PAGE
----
York Maine and the Seacoast Century

In September I traveled to York, Maine to participate in the Seacoast Century hosted by the Granite State Wheelmen. The event is held each year on the third weekend of September and this year marked the 45th edition of this awesome cycling event. Riders choose from 25, 50, 65, and 100-mile routes, with the 100-mile route navigating along the Massachusetts, New Hampshire, and Maine coastlines. All rides start and end at the Hampton Beach State Park in New Hampshire with over 1,000 riders registering this year with options to ride either Saturday, Sunday, or both days. I have participated in this ride almost every year and have participated in at least a dozen. I typically ride the 65-mile route with a detour to visit Nubble Lighthouse making it about a 75-mile ride to the lighthouse and back to Hampton Beach. This year my wife Shawn joined me and we left Friday afternoon after work with a car packed with cycling and camera gear. We stayed in York Maine one of my favorite towns in Maine. A beautiful coastal town with a quintessential New England fell, wonderful beaches, and of course the ionic Nubble Lighthouse.

Waiting for sunrise

York Harbor Sunrise

I was up early on Saturday and wanted to take some quick sunrise photos before the ride. Not having a lot of time I quickly drove to York Harbor. Garbing my camera gear I notice a fair amount of high-level clouds on the horizon and quickly scanned the beach for compositions. I was immediately drawn to the rocky coast to the left as I approached the ocean, noting several large buildings part of the York Harbor Inn. Identifying my potential composition I set-up my tripod and camera. However sky was still colorless, so I took some quick photos to frame my image consisting of the rocky coast and the York Harbor Reading Room. Then waited for the sun to make its dramatic appearance, but as the sun approached the horizon the colors only slightly improved. Beginning to think that sunrise was going to be a bust, the colors started to pop and quickly filled the sky. Being patient always pays off. I took several photos with my Nikon 70-200 mm f/2.8 lens and several with my Nisi filters for some long exposures. I probably spent about 45-minutes taking pictures and finally decided to pack-up to make it to the bike ride.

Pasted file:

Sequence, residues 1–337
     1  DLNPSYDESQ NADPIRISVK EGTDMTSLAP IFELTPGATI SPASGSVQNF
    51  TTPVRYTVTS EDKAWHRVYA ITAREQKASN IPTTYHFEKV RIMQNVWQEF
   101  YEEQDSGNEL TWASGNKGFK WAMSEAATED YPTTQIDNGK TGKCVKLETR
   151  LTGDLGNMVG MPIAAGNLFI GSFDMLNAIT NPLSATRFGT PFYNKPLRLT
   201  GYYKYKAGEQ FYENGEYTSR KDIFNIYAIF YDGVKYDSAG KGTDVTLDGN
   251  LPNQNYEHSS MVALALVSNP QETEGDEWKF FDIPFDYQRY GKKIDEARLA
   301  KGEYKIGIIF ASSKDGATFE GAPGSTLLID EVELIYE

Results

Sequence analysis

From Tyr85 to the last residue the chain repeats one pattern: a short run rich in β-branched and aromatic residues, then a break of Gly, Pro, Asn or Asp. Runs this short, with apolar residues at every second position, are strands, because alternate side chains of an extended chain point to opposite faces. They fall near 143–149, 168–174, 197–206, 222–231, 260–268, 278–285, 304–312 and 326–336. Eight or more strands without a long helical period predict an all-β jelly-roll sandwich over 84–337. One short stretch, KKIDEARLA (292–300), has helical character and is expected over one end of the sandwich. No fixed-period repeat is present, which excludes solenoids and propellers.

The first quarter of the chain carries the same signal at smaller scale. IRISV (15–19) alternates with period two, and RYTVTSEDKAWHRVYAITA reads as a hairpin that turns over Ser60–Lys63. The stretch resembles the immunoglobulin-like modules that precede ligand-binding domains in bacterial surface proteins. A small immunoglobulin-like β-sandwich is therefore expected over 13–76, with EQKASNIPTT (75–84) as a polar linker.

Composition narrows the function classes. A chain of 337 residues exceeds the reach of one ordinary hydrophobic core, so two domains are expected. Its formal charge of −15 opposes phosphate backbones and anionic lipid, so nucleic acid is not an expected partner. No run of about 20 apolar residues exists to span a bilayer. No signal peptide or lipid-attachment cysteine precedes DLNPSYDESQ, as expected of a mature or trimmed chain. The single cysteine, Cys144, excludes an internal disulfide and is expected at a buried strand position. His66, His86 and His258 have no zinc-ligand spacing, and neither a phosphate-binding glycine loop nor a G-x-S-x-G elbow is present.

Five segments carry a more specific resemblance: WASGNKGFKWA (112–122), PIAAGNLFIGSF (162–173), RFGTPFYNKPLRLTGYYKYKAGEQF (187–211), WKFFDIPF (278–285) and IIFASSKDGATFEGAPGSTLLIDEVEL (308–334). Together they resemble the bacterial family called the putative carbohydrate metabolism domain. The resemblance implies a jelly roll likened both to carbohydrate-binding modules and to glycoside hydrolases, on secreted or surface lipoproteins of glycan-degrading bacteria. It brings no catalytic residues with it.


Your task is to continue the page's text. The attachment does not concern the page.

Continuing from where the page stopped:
Golden Sunrise

As I walked to my car I looked back and notice a family walking on the beach in silhouette against a golden sunrise. My camera was packed, so I quickly snap a few photos with my iPhone and the results were pretty decent, so much for my Nikon.

The Ride

I arrived at Hampton Beach State Park a bit late after 8 AM when all riders are required to be on the road, guess I had too much fun taking photos and most of the riders had already departed.  The weather was mostly clear and a bit cold, low 40’s, but forecasted to rise to the upper 60’s in the afternoon.  After deciding what layers of clothing I needed for the ride, I picked up my registration package, filled my water bottles, and headed out of the parking lot turning right onto Route 1-A to Nubble Lighthouse.  There were only a few cyclists were on the road, but having done the ride so many times I knew the route.  As usual being on the coast, there was a slight headwind to challenge me.  As I approached North Hampton I began to warm up, especially my fingers and ready to enjoy the rest of the ride.

Ocean Boulevard

Entering North Hampton I  passed by the Beach Plum ice cream shop that I typically visit post ride for a well-deserved chocolate peanut butter ice cream.  From North Hampton, the ride proceeds through Rye with awesome views of the ocean where I stopped several times to take some quick pictures with my iPhone.  Continuing along Route 1-A the ride enters Portsmouth taking Route 1-B to the New Castle area.  I particularly enjoy this part of Portsmouth with all the older New England style homes and great views of the harbor.

New Castle

After passing Prescott Park, riders cross the Piscataqua River and enter Kittery Maine.  The route in Maine takes Route 103 passing the Portsmouth Naval Shipyard and stopping at Fort McClary State Park for a rest stop that provides snacks, water, and other goodies.  A bike mechanic is also available to address most mechanical issues.  Leaving the rest stop we continue north on Route 103 to York passing the Wiggly Bridge, a small pedestrian bridge on the York River.  Riders then turn onto Route 1A passing York Harbor then onto Long Sands Beach, a beautiful stretch of sand and ocean.  The 65-mile route turns back before reaching Long Sands Beach, but I always continue on to reach Nubble Lighthouse, after all, it’s only a few more miles.